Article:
As for that success rate, it only makes me laugh. What the hell do they think the inmates are going to do? Unless they want to be viciously tortured or have their heads separated from their bodies, they'll pretend to go along with the deprogramming so that they may be released. Why that shouldn't be abundantly obvious is beyond me. Of course, the whole thing may be a scam. There's a lot of support for fundamentalist Islam in Saudi Arabia, but the Saudis know they can't just release these guys without incurring the wrath of the US government, so they could be putting on this little charade as political cover.

At any rate, I'm including a link to a Time magazine piece that has a number of photos of this camp. You should find them amusing. I about fell out of my chair laughing when I saw the inmates doing "therapeutic painting".


Tuesday, January 27, 2009

Bush Boo-Hoo?

I just had to link to this photo of Bush that was taken on his way to his farewell address. I have nothing to add beyond that which is said on the Boing Boing web site. Judge for yourself.


Monday, January 26, 2009

Drug Advertising

I am opposed to the advertising of prescriptions drugs to the public. Most people don't have the knowledge to determine whether or not the advertised drugs are suitable for them, yet there will be those who've seen the advertising who will go to their doctors asking for the drugs by name. As has been shown in studies of the prescription of antibiotics, doctors often succumb to a patient's request for a drug, even when it is of little or no value in treating a patient's condition. I've known plenty of people who've walked into the doctor's office with the cold or flu, and walked out with a prescription for antibiotics, which have no effect on viral diseases. (It could be argued that the antibiotics are a precaution, but with the problem of bacterial resistance, that doesn't wash. It's more like the patient expects a pill, so he's going to get a pill.)

I decided to check out a couple of prescription drugs that I've recently seen advertised on TV. The first is Lyrica. The commercials are pitched toward women who suffer from fibromyalgia. Lyrica was originally approved as an anticonvulsant to treat epileptic seizures, and to treat the pain of nerve damage caused by diabetes and shingles. It works on he calcium channels of the central nervous system, apparently inhibiting the ability to feel pain. So, it appears that Lyrica has some legitimate uses, but it's only fibromyalgia that is mentioned in the commercials, and fibromyalgia is a dubious diagnostic category. It is characterized by widespread chronic pain, and a heightened, painful response to light touch. However, it appears that fibromyalgia may well be a psychosomatic condition. In fact, the doctor who was the lead author in the 1990 paper that defined the condition was quoted in the New York Times last year as discouraged and cynical about the diagnosis. He now feels that the condition is a physical response to stress, depression, and economic and social anxiety. And Lyrica is a drug that can be abused. In its trials there were those who abused it, taking higher than recommended dosages. They said it had an effect like that of Valium.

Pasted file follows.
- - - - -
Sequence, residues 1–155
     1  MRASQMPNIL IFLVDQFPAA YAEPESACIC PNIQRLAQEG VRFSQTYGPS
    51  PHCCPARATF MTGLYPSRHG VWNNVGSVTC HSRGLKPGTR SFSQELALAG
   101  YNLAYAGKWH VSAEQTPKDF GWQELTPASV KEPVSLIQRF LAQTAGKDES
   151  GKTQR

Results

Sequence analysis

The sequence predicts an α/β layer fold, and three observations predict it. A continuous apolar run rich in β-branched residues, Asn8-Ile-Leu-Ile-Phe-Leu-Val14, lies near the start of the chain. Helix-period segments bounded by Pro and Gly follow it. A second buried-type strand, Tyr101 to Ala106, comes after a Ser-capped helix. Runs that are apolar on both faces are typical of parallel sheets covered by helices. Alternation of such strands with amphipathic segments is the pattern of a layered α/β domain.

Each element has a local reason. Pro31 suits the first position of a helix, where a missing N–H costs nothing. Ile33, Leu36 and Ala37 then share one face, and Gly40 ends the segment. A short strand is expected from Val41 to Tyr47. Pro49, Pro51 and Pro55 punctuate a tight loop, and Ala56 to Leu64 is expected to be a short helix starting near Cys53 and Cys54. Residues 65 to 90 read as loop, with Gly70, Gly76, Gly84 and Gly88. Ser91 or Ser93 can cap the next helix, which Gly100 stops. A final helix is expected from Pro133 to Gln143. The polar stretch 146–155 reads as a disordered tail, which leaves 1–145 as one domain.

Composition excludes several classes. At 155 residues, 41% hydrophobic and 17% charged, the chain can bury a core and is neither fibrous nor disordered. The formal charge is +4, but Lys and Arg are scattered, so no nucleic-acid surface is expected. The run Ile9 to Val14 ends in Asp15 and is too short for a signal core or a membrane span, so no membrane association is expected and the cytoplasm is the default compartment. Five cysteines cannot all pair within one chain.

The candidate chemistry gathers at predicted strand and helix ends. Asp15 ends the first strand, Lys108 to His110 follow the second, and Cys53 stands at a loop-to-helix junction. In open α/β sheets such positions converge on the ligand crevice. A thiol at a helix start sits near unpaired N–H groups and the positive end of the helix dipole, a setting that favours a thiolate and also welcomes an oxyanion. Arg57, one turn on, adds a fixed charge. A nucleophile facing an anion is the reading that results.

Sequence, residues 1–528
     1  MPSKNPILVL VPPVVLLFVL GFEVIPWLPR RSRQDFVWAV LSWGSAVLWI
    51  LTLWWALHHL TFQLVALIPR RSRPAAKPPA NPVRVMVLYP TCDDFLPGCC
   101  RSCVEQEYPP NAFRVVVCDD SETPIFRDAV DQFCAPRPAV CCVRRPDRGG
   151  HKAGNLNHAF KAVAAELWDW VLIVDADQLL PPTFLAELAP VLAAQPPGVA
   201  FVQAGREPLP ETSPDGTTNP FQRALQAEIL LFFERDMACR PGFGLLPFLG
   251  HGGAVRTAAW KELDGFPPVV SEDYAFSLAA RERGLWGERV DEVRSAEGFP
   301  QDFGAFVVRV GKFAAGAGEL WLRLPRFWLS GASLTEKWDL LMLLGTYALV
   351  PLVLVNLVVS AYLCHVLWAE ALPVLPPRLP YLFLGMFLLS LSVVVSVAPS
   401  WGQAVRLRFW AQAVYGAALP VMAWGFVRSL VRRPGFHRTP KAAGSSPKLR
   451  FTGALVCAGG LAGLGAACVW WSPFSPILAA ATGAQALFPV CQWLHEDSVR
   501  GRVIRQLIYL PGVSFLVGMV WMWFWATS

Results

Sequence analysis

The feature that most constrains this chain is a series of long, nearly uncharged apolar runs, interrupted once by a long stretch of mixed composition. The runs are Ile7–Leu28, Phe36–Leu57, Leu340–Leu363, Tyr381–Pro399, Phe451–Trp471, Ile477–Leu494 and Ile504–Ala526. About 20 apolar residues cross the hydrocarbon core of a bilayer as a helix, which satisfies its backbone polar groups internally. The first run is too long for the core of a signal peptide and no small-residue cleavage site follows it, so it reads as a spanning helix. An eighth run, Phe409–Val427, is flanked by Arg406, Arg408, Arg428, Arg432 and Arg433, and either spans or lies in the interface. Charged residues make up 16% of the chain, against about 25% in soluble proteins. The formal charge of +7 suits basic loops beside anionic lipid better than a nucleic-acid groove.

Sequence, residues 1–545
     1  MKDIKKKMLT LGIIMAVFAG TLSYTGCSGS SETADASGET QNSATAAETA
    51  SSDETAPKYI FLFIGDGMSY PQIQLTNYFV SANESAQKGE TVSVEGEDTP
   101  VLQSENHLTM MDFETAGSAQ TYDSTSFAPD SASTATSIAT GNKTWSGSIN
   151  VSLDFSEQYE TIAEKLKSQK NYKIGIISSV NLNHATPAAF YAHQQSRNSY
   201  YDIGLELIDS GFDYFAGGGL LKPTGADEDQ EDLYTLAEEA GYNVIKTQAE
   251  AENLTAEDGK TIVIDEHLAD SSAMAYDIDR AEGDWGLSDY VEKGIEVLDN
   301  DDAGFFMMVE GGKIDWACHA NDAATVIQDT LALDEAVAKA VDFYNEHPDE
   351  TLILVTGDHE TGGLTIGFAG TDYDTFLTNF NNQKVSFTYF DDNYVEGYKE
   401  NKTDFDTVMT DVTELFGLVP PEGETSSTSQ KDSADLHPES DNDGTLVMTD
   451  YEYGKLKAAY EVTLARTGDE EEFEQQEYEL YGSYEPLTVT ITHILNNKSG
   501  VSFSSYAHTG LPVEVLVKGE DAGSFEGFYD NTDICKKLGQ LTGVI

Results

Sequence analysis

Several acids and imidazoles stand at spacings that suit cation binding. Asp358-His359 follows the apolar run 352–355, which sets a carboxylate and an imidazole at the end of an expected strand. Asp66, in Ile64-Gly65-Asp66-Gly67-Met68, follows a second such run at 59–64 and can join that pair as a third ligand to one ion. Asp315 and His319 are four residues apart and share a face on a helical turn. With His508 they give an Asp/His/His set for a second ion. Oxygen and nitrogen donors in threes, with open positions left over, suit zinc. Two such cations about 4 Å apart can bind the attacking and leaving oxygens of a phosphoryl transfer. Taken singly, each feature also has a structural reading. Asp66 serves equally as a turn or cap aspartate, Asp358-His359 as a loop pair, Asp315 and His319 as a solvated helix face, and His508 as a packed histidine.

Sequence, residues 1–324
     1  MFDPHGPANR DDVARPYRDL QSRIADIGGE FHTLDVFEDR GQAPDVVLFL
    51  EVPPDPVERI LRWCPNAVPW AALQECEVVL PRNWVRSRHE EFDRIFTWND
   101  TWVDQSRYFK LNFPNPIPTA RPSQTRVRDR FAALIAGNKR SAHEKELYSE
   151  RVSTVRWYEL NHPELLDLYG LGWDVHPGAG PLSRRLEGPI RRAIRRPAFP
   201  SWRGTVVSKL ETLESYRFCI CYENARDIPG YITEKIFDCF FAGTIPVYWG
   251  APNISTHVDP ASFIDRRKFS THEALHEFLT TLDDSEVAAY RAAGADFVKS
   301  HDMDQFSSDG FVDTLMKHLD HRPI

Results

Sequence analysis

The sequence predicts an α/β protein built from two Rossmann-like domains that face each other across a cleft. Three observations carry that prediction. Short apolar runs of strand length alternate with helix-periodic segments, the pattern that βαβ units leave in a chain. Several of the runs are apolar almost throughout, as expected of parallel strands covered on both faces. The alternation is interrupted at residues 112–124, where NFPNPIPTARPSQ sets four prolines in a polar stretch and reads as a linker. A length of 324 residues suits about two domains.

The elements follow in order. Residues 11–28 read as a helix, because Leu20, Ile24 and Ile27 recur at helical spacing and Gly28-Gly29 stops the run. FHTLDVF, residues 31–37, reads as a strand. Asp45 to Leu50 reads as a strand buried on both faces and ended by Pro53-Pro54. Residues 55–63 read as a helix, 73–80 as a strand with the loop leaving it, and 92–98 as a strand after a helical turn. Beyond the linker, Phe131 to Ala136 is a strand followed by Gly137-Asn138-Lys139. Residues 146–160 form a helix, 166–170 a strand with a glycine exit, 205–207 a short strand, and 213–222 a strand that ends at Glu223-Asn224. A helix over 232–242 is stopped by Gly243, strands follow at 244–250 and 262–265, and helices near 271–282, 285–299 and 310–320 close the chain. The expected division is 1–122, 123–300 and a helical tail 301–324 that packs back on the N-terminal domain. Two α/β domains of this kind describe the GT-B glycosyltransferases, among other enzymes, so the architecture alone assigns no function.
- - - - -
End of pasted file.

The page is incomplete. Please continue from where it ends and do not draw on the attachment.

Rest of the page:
I've also been seeing a lot of commercials for Abilify. Its primary use is as an antipsychotic in the treatment of schizophrenia. In the commercial, the viewer is told that if he is taking an antidepressant but still having symptoms of depression, he should ask his doctor about Abilify. Talk about irresponsible. When taken in large enough doses over a long period of time, Abilify causes tardive dyskinesia. This is a condition characterized by repetitive involuntary movements like lip smacking, grimacing, and rapid eye movement. Though the condition is poorly understood, it's known that it results from damage to the dopamine system of the brain, and it can persist for weeks or months after the drug is discontinued. Sometimes the damage is permanent. The question that begs to be asked is this, if large doses cause this kind of damage, what about smaller doses? Could they be damaging the brain in ways that aren't apparent? The dyskinesia isn't all of it though. It can cause strokes in elderly patients, and it can raise blood sugar. The list of common side effects is long. They include: the inability to sit still, headaches, unusual tiredness and weakness, trouble sleeping, shaking, blurred vision. Abilify is some nasty shit.